An experiment in virtual garment design and visualisation. A flowing dress in lilac glass and an oversized tee in shiny flesh mesh.
Experimenting with new ways to visualise the retro street style and silhouettes in Off-White’s resort collection. Original line drawings are given dimension firstly appearing as wire tube shapes, or filled 2D planes. Later, using motion, duplication and rotation, the outline shapes expand in space into more complex sculpted forms.
A throwback to 80s acid house ravers where boys were topless, wore bucket hats and danced like they were in a trance. In this new new age – the girls are topless too. Faye’s bucket hat features a chrysanthemum pattern I built in 3D for an old project. The backdrop is from a video I recorded at the science museum of dry ice in water. The soundtrack is a short musical snippet I made recently in Garageband – I call it Solong.
Summer 2016: What if flowers were fashion styled?
This was the idea I’d been pondering for a while – wondering what a Marni or Comme des Garçons flower might look like. I chose Marc Jacobs AW16 collection, because I’d watched the runway show – and it was one of my favourites of the season.
After studying the colours, textures, forms and general mood of the collection, I imagined how these might take form as flowers. Petals were sculpted in off-white crochet and pink crocodile skin, long droopy petals echoed the oversized sweatshirts and the patent leathers were applied to the stripey long-limbed flower bodies.
To evoke the sexy grungy vibe of the show, I built an austere minimalist and slightly luxuriant boudoir setting, and animated the flowers to make them moody and provocative.
My first music choice was a Dandy Warhols track but then to avoid any copyright issues I switched to use sounds I’d recently recorded at a dance performance in the marble hall of the British Museum.
Spring 2016: A two part project that merged surface design with product design.
The first element was the creation of 3D surface designs using contour forms embellished with virtual flower appliqué.
Next glove models were constructed, firstly in a traditional cycling/driving glove style and then more conceptually using extended proportions (extra slim long fingers – a classic design silhouette from my Glovedup Gloves design archive).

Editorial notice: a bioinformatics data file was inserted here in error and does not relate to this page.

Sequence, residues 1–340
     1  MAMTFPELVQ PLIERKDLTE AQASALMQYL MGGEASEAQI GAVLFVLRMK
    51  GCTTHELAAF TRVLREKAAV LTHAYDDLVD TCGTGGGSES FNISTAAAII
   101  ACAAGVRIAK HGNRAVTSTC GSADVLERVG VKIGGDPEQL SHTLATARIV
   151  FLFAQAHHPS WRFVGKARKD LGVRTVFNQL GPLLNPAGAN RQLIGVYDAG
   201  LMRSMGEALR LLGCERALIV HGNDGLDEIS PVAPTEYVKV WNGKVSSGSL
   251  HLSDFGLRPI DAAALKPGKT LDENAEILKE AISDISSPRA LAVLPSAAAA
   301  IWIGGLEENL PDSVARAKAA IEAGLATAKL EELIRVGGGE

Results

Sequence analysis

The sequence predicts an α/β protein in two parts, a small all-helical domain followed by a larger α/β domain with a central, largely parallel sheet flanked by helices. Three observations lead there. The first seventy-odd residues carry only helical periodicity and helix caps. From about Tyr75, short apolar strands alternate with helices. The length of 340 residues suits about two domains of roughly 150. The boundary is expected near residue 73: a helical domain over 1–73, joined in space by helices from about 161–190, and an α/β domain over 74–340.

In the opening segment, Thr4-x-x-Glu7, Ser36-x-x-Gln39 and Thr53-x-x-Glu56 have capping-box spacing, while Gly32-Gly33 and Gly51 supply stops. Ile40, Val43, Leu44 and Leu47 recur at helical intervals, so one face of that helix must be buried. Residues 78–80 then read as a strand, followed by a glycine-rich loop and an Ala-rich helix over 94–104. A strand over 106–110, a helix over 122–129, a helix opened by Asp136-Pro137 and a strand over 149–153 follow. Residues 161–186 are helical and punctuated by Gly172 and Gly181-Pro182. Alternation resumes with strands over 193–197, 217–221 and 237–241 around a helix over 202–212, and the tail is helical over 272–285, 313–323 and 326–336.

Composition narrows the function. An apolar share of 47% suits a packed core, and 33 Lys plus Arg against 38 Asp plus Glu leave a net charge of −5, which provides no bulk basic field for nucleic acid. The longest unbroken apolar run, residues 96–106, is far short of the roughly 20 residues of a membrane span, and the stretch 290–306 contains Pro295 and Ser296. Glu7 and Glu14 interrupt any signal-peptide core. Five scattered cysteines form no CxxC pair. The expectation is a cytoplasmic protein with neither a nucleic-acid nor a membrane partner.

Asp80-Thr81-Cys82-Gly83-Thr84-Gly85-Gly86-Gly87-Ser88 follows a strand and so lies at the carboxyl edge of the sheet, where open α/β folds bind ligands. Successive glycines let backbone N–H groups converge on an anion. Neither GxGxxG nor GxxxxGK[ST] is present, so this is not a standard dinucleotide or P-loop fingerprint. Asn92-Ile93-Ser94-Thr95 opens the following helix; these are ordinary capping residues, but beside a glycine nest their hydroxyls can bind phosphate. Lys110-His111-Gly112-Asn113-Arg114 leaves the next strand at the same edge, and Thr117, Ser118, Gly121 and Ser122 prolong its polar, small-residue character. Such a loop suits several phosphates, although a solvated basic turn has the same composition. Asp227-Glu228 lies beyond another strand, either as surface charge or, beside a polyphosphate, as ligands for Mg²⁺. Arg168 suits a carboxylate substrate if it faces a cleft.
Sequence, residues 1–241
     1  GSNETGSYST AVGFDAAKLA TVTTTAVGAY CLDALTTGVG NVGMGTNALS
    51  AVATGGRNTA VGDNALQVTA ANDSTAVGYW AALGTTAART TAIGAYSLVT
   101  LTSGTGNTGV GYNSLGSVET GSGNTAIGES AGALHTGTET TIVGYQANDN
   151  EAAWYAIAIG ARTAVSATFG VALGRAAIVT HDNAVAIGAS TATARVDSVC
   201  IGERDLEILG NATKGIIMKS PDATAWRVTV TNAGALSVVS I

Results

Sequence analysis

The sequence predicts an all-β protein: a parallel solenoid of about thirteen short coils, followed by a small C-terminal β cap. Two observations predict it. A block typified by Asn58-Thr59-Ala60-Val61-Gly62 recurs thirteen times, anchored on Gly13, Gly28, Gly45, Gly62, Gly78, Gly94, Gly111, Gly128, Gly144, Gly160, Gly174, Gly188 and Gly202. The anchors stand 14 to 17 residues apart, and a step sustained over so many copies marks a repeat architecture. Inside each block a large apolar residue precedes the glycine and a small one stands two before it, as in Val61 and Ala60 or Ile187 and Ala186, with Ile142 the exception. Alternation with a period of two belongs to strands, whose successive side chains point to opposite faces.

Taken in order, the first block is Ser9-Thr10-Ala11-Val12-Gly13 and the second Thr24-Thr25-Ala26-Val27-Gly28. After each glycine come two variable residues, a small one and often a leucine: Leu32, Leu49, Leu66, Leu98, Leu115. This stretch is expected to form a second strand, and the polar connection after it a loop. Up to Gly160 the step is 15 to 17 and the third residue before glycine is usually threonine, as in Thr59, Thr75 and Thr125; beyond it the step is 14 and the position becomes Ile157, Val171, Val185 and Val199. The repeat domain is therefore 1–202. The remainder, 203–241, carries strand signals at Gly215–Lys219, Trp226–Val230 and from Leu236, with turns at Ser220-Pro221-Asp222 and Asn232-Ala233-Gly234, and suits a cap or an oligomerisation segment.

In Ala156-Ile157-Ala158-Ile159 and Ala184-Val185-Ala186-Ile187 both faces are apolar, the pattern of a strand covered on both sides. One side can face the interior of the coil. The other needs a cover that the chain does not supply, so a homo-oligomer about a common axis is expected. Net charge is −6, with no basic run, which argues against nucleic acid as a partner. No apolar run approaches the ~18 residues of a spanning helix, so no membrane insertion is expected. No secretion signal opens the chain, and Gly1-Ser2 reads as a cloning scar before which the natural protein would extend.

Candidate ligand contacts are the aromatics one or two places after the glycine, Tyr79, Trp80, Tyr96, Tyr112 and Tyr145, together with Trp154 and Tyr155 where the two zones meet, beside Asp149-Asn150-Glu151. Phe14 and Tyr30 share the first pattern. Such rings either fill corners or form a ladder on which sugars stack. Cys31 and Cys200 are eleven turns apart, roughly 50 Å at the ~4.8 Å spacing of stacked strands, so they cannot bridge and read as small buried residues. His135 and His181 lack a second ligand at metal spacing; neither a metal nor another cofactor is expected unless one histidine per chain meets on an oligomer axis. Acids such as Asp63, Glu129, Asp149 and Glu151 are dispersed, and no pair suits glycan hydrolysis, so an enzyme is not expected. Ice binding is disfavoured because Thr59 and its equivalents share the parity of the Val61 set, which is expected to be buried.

Summer 2015: Mixing the forms of Lalique with the textures of the Bugatti Veyron Supercar to create concepts for wearable technology.
A surround sound choker with built in 360 speaker that further amplifies low-frequency sound (heavy bass) for the wearer using bone conduction. The collar is also fitted with flashing control lights that can double for selfie disco moments.
A hair comb fitted with “mechanical”dancing light and or music nodes that react to local sound frequencies (dancing flower buds).
A musical flower brooch with petals that open to reveal wireless speakers (good ones).
Summer 2014: It all started in a London library when I spotted a William Morris book and it stimulated me to create 2D vector versions of his floral prints.
A few months later in Delhi, I transformed the 2D vectors into 3D to create windows and boxes like the finely carved pieces I’d just seen at a museum.
Finally I built new 3D models based on Morris’s Snakeshead print to construct ornaments, surface patterns and ultimately, I re-sculpted the models to design sunglasses and jewellery.
December 2014: I fell in love with Faye Wong the first time I saw her in the film Chungking Express. Almost 20 years later I found myself living in China and visiting Chungking Mansions in Hong Kong every month. Laura was a tricky name for Chinese people so I always said my name was Wong Faye – this made them giggle.
So when I started to sculpt an avatar and model for my collections, I looked to the east and named her Faye Wong. This was the first experiment with Faye – I applied archive patterns to a minimal look with flares (my obsession back then) and created dynamic poses.
November 2014: I was in Tamil Nadu at the time, and so inspired by the brightly decorated fishermen’s houses. The brightly coloured clashing palettes, textures and patterns, were further indulged with extravagant details and bore names like Glorious Castle. So I took a lot of photos. Later I distorted the images to make patterns and then applied them to my first digital avatars and fashion looks.